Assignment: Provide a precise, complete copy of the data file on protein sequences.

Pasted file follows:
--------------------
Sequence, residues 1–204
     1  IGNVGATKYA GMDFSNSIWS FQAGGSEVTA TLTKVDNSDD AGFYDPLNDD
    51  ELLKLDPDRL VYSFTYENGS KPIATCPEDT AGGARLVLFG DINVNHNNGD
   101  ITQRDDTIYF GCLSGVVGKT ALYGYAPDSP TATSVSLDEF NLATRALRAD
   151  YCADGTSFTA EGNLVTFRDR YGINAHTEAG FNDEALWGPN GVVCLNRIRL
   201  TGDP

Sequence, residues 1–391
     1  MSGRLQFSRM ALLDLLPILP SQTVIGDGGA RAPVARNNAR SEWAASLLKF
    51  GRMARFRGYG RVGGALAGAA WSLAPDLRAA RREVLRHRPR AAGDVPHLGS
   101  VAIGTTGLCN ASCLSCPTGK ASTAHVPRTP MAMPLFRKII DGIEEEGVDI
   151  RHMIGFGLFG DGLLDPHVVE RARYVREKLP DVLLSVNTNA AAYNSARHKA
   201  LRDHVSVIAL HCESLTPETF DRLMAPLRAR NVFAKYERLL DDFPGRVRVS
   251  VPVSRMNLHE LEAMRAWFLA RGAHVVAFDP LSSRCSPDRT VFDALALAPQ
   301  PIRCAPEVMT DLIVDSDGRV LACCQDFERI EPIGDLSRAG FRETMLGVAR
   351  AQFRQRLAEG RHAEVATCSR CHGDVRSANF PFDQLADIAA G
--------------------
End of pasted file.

Sequence, residues 1–204
     1  IGNVGATKYA GMDFSNSIWS FQAGGSEVTA TLTKVDNSDD AGFYDPLNDD
    51  ELLKLDPDRL VYSFTYENGS KPIATCPEDT AGGARLVLFG DINVNHNNGD
   101  ITQRDDTIYF GCLSGVVGKT ALYGYAPDSP TATSVSLDEF NLATRALRAD
   151  YCADGTSFTA EGNLVTFRDR YGINAHTEAG FNDEALWGPN GVVCLNRIRL
   201  TGDP

Sequence, residues 1–391
     1  MSGRLQFSRM ALLDLLPILP SQTVIGDGGA RAPVARNNAR SEWAASLLKF
    51  GRMARFRGYG RVGGALAGAA WSLAPDLRAA RREVLRHRPR AAGDVPHLGS
   101  VAIGTTGLCN ASCLSCPTGK ASTAHVPRTP MAMPLFRKII DGIEEEGVDI
   151  RHMIGFGLFG DGLLDPHVVE RARYVREKLP DVLLSVNTNA AAYNSARHKA
   201  LRDHVSVIAL HCESLTPETF DRLMAPLRAR NVFAKYERLL DDFPGRVRVS
   251  VPVSRMNLHE LEAMRAWFLA RGAHVVAFDP LSSRCSPDRT VFDALALAPQ
   301  PIRCAPEVMT DLIVDSDGRV LACCQDFERI EPIGDLSRAG FRETMLGVAR
   351  AQFRQRLAEG RHAEVATCSR CHGDVRSANF PFDQLADIAA G